What A Difference An Election Cycle Makes

By Bill McInturff and Alex Bratty

As the 2010 election season heats up our latest NBC/WSJ poll* is hot off the press this week with some illuminating data about where things are headed this November. We’ve been signaling for a while now that the landscape favors Republicans this year, and this poll indicates that things are starting to solidify.

Consider the key data:

  • The mood of the country is as sour as we have measured since President Obama took office (29{09f965da52dc6ab4c1643a77bd40d1f729d807040cd8db540234bb981a782222} right direction, 62{09f965da52dc6ab4c1643a77bd40d1f729d807040cd8db540234bb981a782222} wrong track).
  • For the first time in our NBC/WSJ poll the President receives a net negative job approval rating (45{09f965da52dc6ab4c1643a77bd40d1f729d807040cd8db540234bb981a782222} approve, 48{09f965da52dc6ab4c1643a77bd40d1f729d807040cd8db540234bb981a782222} disapprove).
  • The enthusiasm gap for the upcoming elections (which I wrote about a couple of months ago), is as wide as we have ever witnessed. Two-thirds (66{09f965da52dc6ab4c1643a77bd40d1f729d807040cd8db540234bb981a782222}) of Republicans say they are very interested in November’s elections, compared to just 44{09f965da52dc6ab4c1643a77bd40d1f729d807040cd8db540234bb981a782222} of Democrats.

It’s no mystery where this chasm in interest is coming from. Looking back two years and comparing our June 2008 data to today, the groups that have dropped the most in their interest in the election constitute the Democrat Party Base: Obama voters, Liberals, African Americans, Democrats, Moderates, residents of the Northeast and Western regions of the country, and young voters age 18-34.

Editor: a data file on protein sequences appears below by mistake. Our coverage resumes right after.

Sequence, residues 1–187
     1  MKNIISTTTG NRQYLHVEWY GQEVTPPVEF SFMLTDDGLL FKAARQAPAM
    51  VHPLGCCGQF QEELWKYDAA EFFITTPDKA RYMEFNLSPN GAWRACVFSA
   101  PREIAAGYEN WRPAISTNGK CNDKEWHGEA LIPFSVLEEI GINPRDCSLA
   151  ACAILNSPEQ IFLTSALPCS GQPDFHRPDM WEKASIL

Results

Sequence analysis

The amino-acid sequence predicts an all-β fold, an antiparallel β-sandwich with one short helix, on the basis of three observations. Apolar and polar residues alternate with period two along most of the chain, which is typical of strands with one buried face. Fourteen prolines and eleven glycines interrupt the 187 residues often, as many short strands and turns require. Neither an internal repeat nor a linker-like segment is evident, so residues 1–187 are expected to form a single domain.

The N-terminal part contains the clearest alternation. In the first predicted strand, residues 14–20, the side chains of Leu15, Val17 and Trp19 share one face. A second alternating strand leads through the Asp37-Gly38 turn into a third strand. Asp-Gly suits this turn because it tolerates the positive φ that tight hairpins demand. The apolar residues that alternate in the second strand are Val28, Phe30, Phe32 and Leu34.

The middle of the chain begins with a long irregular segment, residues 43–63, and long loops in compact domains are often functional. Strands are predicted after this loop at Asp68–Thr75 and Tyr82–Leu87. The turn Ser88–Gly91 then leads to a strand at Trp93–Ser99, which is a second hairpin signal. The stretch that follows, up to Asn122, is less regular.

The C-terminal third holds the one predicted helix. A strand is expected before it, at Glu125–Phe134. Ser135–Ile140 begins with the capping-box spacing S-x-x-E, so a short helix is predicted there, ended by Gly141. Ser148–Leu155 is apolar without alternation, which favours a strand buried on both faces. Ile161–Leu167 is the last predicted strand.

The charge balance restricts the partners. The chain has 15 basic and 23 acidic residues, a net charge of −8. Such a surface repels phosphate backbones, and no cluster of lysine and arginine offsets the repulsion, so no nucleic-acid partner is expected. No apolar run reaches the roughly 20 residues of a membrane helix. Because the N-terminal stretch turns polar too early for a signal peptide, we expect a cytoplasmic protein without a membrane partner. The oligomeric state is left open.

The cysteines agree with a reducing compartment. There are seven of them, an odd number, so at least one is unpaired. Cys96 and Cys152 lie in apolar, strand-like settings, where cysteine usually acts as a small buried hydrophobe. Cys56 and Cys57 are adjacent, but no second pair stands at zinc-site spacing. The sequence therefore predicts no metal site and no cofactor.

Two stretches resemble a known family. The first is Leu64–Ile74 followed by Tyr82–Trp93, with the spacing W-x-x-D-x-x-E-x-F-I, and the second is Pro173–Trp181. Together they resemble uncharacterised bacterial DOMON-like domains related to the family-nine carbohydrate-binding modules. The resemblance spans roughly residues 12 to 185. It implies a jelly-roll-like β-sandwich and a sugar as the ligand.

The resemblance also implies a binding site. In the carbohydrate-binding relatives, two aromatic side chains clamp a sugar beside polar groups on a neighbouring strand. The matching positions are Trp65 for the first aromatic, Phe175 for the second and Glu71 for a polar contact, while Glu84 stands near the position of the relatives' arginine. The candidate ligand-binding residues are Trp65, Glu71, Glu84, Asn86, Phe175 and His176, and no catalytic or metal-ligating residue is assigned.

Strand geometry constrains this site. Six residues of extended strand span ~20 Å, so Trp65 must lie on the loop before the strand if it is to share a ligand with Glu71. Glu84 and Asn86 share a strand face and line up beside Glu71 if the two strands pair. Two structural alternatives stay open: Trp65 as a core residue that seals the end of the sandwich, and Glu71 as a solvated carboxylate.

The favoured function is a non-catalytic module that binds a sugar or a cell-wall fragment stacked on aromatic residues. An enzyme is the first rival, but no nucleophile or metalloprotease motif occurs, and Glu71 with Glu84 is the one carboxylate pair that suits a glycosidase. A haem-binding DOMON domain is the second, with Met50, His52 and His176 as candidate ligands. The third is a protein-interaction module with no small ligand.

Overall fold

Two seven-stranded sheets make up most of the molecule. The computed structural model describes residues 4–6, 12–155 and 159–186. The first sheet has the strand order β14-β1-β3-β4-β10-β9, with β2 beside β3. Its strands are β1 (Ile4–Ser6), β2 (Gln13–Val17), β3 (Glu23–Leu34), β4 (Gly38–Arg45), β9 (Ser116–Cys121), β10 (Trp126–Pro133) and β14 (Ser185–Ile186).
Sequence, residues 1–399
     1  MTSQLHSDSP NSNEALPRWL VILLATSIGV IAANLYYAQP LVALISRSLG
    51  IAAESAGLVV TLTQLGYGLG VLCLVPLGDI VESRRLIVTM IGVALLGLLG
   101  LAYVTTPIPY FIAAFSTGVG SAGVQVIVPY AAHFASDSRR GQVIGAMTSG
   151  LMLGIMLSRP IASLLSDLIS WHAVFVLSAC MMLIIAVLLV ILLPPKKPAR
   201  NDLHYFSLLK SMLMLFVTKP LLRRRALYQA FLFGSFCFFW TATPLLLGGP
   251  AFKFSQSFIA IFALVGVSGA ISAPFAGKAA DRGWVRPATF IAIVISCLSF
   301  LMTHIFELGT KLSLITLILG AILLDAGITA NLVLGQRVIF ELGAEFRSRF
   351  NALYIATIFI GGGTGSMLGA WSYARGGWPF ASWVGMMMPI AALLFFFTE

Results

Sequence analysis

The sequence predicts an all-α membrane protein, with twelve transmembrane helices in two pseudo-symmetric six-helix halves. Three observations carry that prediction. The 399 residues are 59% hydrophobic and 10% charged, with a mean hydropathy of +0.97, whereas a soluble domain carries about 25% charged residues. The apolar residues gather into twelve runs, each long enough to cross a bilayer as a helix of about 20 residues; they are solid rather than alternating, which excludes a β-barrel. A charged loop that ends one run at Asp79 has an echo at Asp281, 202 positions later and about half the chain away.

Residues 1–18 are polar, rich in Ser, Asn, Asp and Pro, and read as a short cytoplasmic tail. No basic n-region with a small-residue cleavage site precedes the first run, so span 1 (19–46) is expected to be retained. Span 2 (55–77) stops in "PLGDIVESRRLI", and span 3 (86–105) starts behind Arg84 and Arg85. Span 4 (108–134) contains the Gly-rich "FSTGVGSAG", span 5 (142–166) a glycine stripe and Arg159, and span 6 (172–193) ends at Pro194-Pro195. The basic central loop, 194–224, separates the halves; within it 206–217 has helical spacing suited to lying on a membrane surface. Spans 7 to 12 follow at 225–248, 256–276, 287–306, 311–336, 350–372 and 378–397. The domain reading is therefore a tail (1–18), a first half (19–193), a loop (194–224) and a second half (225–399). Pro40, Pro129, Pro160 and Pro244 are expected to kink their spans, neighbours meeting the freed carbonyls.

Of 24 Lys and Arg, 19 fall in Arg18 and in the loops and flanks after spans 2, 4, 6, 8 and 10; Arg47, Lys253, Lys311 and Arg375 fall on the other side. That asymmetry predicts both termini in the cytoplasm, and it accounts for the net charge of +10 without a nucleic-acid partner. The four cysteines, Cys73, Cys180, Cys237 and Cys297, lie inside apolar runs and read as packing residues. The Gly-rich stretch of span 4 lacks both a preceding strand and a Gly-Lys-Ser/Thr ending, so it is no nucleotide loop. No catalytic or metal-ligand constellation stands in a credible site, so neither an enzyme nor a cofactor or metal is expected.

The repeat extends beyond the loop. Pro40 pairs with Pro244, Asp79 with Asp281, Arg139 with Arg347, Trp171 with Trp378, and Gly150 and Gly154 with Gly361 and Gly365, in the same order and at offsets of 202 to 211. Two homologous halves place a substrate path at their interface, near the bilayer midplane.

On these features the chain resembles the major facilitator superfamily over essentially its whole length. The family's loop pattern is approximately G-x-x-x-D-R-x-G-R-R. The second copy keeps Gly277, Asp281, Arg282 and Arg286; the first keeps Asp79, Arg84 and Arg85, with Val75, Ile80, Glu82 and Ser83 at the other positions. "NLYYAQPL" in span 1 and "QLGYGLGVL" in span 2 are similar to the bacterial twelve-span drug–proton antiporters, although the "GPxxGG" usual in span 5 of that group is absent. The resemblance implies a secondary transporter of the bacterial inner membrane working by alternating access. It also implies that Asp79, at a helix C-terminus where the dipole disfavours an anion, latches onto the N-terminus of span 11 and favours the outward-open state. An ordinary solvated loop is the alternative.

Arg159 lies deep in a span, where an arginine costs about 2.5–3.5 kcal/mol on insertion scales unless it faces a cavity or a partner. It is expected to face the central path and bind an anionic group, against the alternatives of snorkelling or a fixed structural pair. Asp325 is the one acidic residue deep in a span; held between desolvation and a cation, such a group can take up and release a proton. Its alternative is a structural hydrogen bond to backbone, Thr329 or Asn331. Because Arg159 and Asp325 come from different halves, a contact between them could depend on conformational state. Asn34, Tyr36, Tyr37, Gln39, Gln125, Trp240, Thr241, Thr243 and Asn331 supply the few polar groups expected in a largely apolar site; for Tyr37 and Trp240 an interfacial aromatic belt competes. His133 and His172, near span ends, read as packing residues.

Indeed, in June 2008 we were looking at a 19-point voter preference for a Democrat-controlled Congress (52{09f965da52dc6ab4c1643a77bd40d1f729d807040cd8db540234bb981a782222}) over a Republican-controlled Congress (33{09f965da52dc6ab4c1643a77bd40d1f729d807040cd8db540234bb981a782222}). Today, for the first time since October 2002 in our poll, the lines have crossed. Now, voters express a modest preference for a Republican-controlled Congress (45{09f965da52dc6ab4c1643a77bd40d1f729d807040cd8db540234bb981a782222}) over Democrat control (43{09f965da52dc6ab4c1643a77bd40d1f729d807040cd8db540234bb981a782222}). Looking at where Democrats have lost ground reveals some key swing voter groups have lost faith with the party in power.

These are difficult and challenging numbers for Democrats. When you think about the various issues on their political agenda between now and the fall it’s hard to imagine a scenario that’s going to reverse these voter trends that have been building over the last six months and now appear to be locking into place for November.

*NBC/WSJ national survey conducted June 17-21, 2010 among 1,000 adults. Data for Congressional preference shown among N=879 reg voters.




(Public Opinion Strategies partners with Peter D. Hart Research Associates to conduct the NBC/WSJ polls. Neither Peter D. Hart Research Associates nor NBC/WSJ are responsible for these conclusions.)




Public Opinion Strategies